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University News, Vol. 2, No. 2, February 1982
Page 3
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University News, Vol. 2, No. 2, February 1982 - Page 3. February 1982. Special Collections, University of Houston Libraries. University of Houston Digital Library. Web. August 15, 2020. https://digital.lib.uh.edu/collection/feminist/item/804/show/798.

Disclaimer: This is a general citation for reference purposes. Please consult the most recent edition of your style manual for the proper formatting of the type of source you are citing. If the date given in the citation does not match the date on the digital item, use the more accurate date below the digital item.

(February 1982). University News, Vol. 2, No. 2, February 1982 - Page 3. Houston and Texas Feminist and Lesbian Newsletters. Special Collections, University of Houston Libraries. Retrieved from https://digital.lib.uh.edu/collection/feminist/item/804/show/798

Disclaimer: This is a general citation for reference purposes. Please consult the most recent edition of your style manual for the proper formatting of the type of source you are citing. If the date given in the citation does not match the date on the digital item, use the more accurate date below the digital item.

University News, Vol. 2, No. 2, February 1982 - Page 3, February 1982, Houston and Texas Feminist and Lesbian Newsletters, Special Collections, University of Houston Libraries, accessed August 15, 2020, https://digital.lib.uh.edu/collection/feminist/item/804/show/798.

Disclaimer: This is a general citation for reference purposes. Please consult the most recent edition of your style manual for the proper formatting of the type of source you are citing. If the date given in the citation does not match the date on the digital item, use the more accurate date below the digital item.

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Title University News, Vol. 2, No. 2, February 1982
Publisher National Organization for Women, University of Houston Chapter.
Date February 1982
Subject.Topical (LCSH)
  • Women--Texas--Periodicals
  • Women--Texas--Houston--Periodicals
  • Feminism--United States--Periodicals
  • Newsletters
Subject.Name (LCNAF)
  • National Organization for Women
Genre (AAT)
  • periodicals
Language English
Type (DCMI)
  • Text
Original Item Location HQ1101 .N684
Original Item URL http://library.uh.edu/record=b1476015~S11
Digital Collection Houston and Texas Feminist and Lesbian Newsletters
Digital Collection URL http://digital.lib.uh.edu/collection/feminist
Repository Special Collections, University of Houston Libraries
Repository URL http://info.lib.uh.edu/about/campus-libraries-collections/special-collections
Use and Reproduction Educational use only, no other permissions given. Copyright to this resource is held by the content creator, author, artist or other entity, and is provided here for educational purposes only. It may not be reproduced or distributed in any format without written permission of the copyright owner. For more information please see UH Digital Library Fair Use policy on the UH Digital Library About page.
File Name index.cpd
Item Description
Title Page 3
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  • image/jpeg
File Name femin_201109_222c.jpg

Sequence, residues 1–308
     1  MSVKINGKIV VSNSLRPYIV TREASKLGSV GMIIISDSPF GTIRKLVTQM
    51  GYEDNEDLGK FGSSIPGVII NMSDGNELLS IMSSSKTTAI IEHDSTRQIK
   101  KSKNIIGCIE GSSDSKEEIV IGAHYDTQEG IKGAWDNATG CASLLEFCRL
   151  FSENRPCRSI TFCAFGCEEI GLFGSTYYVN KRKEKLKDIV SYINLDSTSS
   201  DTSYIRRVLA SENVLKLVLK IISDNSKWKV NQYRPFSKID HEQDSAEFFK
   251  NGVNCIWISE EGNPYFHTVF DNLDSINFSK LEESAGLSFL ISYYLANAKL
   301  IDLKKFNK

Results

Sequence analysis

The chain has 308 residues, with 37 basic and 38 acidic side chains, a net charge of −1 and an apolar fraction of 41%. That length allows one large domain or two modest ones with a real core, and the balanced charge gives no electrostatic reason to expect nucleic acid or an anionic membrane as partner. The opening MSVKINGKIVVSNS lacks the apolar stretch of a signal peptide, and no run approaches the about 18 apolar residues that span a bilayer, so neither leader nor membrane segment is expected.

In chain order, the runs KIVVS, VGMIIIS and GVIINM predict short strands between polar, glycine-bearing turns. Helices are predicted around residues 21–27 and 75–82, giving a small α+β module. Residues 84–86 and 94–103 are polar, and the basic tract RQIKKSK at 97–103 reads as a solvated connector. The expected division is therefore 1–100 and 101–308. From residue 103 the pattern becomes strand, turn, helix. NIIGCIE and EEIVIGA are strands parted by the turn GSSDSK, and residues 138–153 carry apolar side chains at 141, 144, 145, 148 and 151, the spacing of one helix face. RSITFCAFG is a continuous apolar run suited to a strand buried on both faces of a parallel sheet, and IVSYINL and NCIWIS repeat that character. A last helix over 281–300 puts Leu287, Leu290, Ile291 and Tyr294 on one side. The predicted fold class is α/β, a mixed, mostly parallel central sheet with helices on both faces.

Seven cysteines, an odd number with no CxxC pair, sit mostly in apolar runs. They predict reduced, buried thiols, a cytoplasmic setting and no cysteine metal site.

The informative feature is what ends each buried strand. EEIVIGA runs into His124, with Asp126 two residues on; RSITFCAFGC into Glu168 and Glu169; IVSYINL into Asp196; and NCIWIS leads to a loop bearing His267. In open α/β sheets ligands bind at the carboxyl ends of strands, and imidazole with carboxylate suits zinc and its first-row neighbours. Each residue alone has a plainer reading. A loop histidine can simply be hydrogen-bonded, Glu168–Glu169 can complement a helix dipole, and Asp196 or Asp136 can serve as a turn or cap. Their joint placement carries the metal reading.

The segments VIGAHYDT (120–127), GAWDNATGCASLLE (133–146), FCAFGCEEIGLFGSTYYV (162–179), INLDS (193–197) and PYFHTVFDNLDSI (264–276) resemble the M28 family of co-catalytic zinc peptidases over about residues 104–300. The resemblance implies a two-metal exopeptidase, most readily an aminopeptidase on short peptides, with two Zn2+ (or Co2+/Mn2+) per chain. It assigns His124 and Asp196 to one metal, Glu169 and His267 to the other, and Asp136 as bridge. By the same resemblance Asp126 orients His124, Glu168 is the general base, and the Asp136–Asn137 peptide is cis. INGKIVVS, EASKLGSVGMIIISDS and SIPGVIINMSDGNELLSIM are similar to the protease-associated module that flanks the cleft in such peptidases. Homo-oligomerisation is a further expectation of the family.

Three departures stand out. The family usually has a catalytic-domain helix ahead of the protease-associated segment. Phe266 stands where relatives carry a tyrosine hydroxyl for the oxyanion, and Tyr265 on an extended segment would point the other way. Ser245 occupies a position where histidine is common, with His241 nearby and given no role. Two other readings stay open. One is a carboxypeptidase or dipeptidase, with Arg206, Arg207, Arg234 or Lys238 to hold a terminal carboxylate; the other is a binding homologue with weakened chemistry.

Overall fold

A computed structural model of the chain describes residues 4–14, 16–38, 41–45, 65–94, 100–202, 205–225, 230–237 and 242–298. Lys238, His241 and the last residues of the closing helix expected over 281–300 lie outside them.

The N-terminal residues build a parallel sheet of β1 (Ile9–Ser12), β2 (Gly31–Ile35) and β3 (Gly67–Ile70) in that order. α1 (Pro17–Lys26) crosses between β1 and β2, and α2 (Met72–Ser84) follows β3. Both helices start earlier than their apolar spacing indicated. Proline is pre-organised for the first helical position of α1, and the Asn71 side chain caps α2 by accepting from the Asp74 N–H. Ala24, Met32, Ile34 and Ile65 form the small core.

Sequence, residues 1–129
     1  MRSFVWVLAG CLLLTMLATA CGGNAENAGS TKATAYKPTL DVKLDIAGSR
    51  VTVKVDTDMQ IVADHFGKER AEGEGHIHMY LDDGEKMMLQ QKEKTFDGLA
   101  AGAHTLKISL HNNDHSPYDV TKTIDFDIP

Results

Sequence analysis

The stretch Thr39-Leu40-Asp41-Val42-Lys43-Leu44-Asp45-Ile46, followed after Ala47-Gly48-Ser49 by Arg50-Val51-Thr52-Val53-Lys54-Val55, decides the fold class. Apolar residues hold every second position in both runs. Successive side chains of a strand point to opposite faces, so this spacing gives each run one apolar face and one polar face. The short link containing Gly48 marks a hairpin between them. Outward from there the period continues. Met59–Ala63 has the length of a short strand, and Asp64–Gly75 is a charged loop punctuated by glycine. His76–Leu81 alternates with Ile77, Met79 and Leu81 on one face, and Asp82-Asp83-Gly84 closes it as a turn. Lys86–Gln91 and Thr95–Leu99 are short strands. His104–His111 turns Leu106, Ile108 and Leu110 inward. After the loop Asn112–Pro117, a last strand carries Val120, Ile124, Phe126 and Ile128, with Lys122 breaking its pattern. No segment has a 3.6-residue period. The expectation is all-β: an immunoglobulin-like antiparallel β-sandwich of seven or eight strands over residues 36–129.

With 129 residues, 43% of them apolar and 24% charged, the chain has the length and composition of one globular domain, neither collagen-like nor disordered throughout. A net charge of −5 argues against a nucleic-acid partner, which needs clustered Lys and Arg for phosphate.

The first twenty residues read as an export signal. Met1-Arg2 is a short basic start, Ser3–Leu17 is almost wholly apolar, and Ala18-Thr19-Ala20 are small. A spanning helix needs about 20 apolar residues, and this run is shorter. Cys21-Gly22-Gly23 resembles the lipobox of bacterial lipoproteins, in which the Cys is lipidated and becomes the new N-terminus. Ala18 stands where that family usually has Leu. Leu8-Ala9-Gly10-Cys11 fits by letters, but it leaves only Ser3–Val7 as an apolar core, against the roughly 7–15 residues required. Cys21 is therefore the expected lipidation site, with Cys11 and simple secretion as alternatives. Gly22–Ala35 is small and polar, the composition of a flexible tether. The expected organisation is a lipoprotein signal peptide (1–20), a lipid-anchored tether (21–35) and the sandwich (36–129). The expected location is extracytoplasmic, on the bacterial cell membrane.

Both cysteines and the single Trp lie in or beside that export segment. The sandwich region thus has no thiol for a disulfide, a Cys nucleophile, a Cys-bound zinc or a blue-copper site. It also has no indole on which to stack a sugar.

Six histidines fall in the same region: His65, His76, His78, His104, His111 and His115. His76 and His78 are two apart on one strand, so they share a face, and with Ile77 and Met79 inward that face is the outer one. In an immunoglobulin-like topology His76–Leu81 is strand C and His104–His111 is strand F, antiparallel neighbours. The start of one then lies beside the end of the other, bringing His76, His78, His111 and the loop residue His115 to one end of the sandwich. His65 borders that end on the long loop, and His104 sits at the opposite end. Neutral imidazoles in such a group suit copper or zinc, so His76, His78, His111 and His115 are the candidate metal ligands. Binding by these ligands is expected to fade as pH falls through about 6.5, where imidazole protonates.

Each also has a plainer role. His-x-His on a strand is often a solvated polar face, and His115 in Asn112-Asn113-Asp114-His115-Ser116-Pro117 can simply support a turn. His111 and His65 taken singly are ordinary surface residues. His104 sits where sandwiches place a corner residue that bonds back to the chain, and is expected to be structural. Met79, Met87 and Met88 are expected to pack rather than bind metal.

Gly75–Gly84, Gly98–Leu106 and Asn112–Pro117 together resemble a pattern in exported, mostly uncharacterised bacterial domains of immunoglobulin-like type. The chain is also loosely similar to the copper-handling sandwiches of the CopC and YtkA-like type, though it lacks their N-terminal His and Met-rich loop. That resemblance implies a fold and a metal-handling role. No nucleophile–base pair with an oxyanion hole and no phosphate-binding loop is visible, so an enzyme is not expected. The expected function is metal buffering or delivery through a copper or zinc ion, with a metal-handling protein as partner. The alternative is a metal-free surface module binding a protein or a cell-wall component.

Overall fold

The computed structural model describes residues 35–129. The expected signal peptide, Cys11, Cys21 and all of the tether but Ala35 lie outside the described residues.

Transcript Scholars Face A Challenge By Feminists By EDWARD B.FISKE Using scholarship developed in the feminist movement, women in colleges and universities are questioning the fundamental tenets of academic fields ranging from history and philosophy to the natural sciences. These scholars argue that most academic disciplines reflect the cultural biases and thinking patterns of men and are based, for example, on data involving male political figures and male psychological subjects. As a result, they are challenging not only some commonly held scholarly conclusions but the underlying methods of research., Although the, feminists "new scholarship*' has not been discussed widely enough yet to provoke much response from other scholars, some women say it is almost certain to pmvoke sharp controversy. Among their revisionist ideas are these: , <The Renaissance, a time In which women lost many of the privileges they had in the era of chivalry, should not be viewed as a "progressive" era in West* em civilization, <Artistic creations such as quilts and diaries are just as valuable for the. understanding of culture as those deemed "finearts." <The current excitement over recombinant DNA represents an overly "mechanistic" approach to the question of the nature of life. The women's challenge grew out of to criticize it. We would certainly expect controversy, since to suggest that disci- the women's studies movement begun in the late 1960's. Women on campuses se out to document the contributions of women to fields tanging from literature to science, and they organized courses, programs and even full departments, usually on an interdisciplinary basis, to incorporate these findings into instruction. According to Florence Howe, a professor of American studies at the State University College at Old Westbuxy, L.I.,: who founded the Feminist Press, about 350 colleges now have organized women's studies programs, and 600 other institutions offer at least 25 courses in the field. She estimates that there are 20,000 such courses nation- wide. Several years ago strategists in the movement changed their emphasis; from setting up-separate courses to "mainstreaming," or pushing to incorporate material on the experience of women into regular programs. The goal was to prevent research about women from being isolated and to assure that it was being taken seriously. Now women argue that the feminist critique of existing scholarship has matured sufficiently to enter a third and "corrective" stage in which the fruits of their work not only supplement the traditional corpus of knowledge but challenge many of its presuppositions. "You don't simply add the idea that the world is round to the idea that the world is flat," Elizabeth Minnich, a philosophy scholar at the Union Graduate School in Washington, told a major conference on the subject recently at Wingspread, a conference center in Racine, Wis. "you go back and rethink the whole enterprise." Controversy Expected Margaret V McIntosh of the Center for Research on Women at Wellesley College said: "The latest stage is so new that people haven't really had a chance to criticize it. We would certainly expect controversy, since to suggest that disciples need to be corrected--either in their ideas or methodology-- is to challenge professors' snse that they understand the assumptions underlying their disciplines." Some scholars, however, have offered sympathetic, if ambivalent, responses. Carl Degler, the Stanford University historian said that it was "absolutely essential" to interpret the past in terms of "human beings, not just men" and that this would inevitably lead to some "different views." "We normally think of wars as interruptive," he said. "But for women as a group, wars often open up opportunities. No one has spelled it out clearly, but what happened in World War II with women in the factories clearly had its effect on the entry of married women into the work force after the war." The impact of feminist scholars' work varies from field to field. In some, according to Dr. McIntosh, the principal effect is to "enlarge the sample" of what scholars study. Thus, women argue that any definition of the gross national product, the total goods and services produced by the country in a certain period, that does not take into account the unpaid labor of women in the home and community represents only a partial description of economic productivity. Likewise, women have requently critied Sigmund Freud and other psychologists for developing models of what is "normal" on the basis of samples that are all or predominantly male. Lawrence Kohlberg, a developmental psychologist at the Harvard Graduate School of Education, for example, used an all-male sample to develop a theory that people develop their capabilities for "moral reasoning" through six identifiable stages. However, Carol F. Gilligan, also at Harvard, tested the Kohlberg theory on a sample of women and reported that NOW AT UH WOMEN'S STUDIES PETITION We, the undersigned, feel that the University of Houston has a responsibility to provide increased emphasis and access to Women's Studies courses that could address the changing status of women and men in this country and the issues raised by feminism.